Kwon the Lion King of Nur-Sultan

26.09.2021    Views: 277
Source: KTF press-service
Author:
Alex Sharp 
 
Just one week ago Soon-woo Kwon was hunting down Davis Cup glory on American grass courts in Newport, Rhode Island.  
 
Matching his impressive mane-like hair, the South Korean headed to Kazakhstan and played with the heart of a lion to lift his first ever ATP title at the Astana Open. 
 
«I didn’t mean to look like one but I guess I did play like a lion,» said the 23-year-old with a smile, who is set to rise to a career-high world No.57 on Monday.  
 
«I kept my poker face all week. I wasn’t distracted at all. I focused on just my matches and I came up with some brave tennis.» 
 
Kwon dispatched three seeds Dusan Lajovic, Laslo Djere and then home charge Alexander Bublik en route to the final in Nur-Sultan, where he overcame Australian James Duckworth 7-6(6), 6-3 to fall to the court in celebration.  
 
«It’s my first ATP title, I can’t quite believe it but I’m really happy,» said Kwon. «I don’t know how I can express this properly. But I also want to thank my team, my coach and trainer, this is very special.»  
 
With such prestigious silverware on the line, Kwon made sure the occasion didn’t overawe him, building on the mental strength he displayed to guide South Korea to a 3-1 victory over New Zealand. 
 
«Last week I played Davis Cup in Newport. I flew all the way from there to here. it’s a 10-hour difference,» explained the world No.82. 
 
«I just came with an open mind, an open heart. I knew it would take time to adjust to the courts, so I wasn’t tight. From the first round I was relaxed and hit the ground running. Each match I was getting better and better, I stayed calm and played freely.»  
 
Kwon demonstrated his full repertoire, utilising the combination of a disguised drop shot then volleyed lob winner a few times to the delight of the crowd. 
 
The South Korean was the first to have an opportunity to snare a break of serve at 4-all, but he erred on a backhand when trying to return the Australian’s kicking second serve. 
 
The variety of the arsenal Kwon possesses stretched Duckworth. Be it the power of his first serve, or the deft touch of his drop shots, he was able to keep the Australian unbalanced in rallies. 
 
But the Australian, an ATP Challenger winner in Istanbul last week, was equally adept from the ground and also the net, with his aggressive approach often placing Kwon on the back foot. The 29-year-old illustrated his confidence, crunching a backhand return and sprinting to the net to win a quickfire volley duel. The even battle reached a first set tiebreaker as a result.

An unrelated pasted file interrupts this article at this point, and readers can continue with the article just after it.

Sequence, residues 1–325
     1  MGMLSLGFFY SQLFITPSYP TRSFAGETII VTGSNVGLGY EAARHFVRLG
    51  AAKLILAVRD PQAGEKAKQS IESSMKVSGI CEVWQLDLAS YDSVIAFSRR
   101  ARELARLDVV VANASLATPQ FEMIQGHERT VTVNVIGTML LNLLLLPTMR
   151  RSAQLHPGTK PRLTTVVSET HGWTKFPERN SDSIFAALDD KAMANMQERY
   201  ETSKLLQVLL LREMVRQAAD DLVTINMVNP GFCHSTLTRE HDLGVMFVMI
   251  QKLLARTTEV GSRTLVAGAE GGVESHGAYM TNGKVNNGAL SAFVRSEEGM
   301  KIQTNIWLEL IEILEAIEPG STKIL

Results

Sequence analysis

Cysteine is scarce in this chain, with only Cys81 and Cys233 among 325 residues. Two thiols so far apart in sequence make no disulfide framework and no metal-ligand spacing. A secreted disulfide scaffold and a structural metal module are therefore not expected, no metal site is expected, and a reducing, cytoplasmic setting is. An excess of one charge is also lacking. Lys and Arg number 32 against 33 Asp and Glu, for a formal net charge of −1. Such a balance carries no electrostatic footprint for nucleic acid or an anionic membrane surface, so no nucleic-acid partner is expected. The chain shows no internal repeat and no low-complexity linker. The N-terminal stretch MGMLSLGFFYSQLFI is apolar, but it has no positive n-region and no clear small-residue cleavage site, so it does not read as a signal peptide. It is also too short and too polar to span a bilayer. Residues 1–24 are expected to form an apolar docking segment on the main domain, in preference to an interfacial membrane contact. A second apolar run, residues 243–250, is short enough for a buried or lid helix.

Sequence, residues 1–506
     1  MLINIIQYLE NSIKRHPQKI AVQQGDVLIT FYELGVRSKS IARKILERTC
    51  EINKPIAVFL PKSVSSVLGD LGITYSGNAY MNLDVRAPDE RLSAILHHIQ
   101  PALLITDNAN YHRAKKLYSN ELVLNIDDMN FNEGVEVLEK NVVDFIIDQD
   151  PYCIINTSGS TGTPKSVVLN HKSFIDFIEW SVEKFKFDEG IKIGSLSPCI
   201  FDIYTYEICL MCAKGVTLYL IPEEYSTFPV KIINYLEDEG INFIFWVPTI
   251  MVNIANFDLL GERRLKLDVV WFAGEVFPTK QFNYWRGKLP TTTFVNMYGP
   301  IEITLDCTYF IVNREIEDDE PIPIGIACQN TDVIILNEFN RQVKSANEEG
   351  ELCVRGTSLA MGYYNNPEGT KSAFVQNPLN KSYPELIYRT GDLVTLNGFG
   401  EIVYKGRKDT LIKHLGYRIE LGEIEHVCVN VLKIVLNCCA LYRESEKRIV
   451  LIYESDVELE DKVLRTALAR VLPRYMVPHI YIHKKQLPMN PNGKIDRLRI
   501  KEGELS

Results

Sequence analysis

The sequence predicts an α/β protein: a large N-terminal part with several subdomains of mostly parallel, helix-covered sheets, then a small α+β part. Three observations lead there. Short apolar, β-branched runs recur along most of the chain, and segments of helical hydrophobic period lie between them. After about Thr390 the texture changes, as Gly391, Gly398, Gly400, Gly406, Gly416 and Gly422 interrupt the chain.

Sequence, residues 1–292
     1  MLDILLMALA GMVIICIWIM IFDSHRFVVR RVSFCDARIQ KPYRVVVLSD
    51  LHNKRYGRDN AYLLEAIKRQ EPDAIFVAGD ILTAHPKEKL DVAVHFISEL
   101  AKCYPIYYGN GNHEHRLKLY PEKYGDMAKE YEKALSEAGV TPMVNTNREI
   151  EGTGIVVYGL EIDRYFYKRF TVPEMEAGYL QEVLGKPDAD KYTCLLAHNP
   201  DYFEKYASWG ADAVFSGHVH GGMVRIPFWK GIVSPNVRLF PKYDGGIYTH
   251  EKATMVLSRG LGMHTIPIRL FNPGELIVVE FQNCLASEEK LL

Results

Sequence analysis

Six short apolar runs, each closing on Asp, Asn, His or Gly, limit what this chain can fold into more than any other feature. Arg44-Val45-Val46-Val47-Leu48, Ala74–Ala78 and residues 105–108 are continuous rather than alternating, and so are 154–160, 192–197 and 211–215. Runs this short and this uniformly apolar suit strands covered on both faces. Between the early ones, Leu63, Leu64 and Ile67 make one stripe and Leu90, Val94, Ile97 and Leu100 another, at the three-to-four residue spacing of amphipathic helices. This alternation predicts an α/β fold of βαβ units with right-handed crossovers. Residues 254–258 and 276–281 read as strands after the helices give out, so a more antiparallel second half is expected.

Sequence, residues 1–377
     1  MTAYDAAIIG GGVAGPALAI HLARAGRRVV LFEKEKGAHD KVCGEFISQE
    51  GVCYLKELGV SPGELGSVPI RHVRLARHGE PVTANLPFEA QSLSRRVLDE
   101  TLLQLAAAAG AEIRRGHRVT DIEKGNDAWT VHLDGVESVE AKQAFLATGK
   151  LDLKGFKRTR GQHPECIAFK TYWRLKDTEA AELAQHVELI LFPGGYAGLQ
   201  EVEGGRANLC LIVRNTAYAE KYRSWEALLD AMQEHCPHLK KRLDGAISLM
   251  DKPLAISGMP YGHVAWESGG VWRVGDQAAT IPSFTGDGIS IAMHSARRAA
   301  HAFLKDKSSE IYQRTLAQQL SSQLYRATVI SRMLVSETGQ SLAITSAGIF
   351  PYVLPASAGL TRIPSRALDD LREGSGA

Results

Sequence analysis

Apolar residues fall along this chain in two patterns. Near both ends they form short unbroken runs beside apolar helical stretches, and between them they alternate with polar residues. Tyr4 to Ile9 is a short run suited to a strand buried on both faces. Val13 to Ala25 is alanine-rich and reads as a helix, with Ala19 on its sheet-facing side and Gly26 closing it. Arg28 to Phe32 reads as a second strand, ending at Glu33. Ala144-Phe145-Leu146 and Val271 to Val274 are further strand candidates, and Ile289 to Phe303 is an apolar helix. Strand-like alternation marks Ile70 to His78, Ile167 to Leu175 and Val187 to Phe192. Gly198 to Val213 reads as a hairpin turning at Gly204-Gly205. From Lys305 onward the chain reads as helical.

The Australian swiftly moved to a 6-3 lead, but Kwon was able to save all three set points, the last one with a powerful return. Kwon urged the crowd to get involved having struck a blistering inside-out forehand and when Duckworth netted a backhand, the first set went to Kwon. 
 
Duckworth wasn’t going to let his nine-match winning streak snap without a fight, taking advantage of a loose service game to post an immediate break.  
 
However, his comeback hopes were dashed by Kwon’s relentless play. A selection of returns were on radar deep by the baseline to enable the 23-year-old to clinch a pivotal 4-2 lead. 
 
Kwon, calm and composed, just like his whole week in Nur-Sultan, served out the match in style.  
 
His triumphant week has convinced the 23-year-old he has the hunger and platform to now chase even more trophies at this level and beyond.  
 
«I was thinking before the match this could be my last chance to win an ATP trophy, you never know what is going to happen,» admitted Kwon, prevailing in his first ever ATP final. 
 
«I did what I can. Thanks to this tournament, I now have a lot of confidence and hopefully I can lift more trophies in the future. 
 
«After today, I can reach for something like the Top 20, after this week I have more belief that I can do this.» 
 
Kwon, the ninth first-time ATP titlist of 2021, has become just the second South Korean man in the Open Era to lift ATP silverware, following in the footsteps of compatriot Hyung-Taik Lee.  
 
«When I was starting tennis, he was an idol for me,» said Kwon, referring to the former world No.36 and 2003 Sydney champion. 
 
«I grew up watching him play. He has inspired a lot of people to take up and develop tennis in Korea. I hope I can too.»
 

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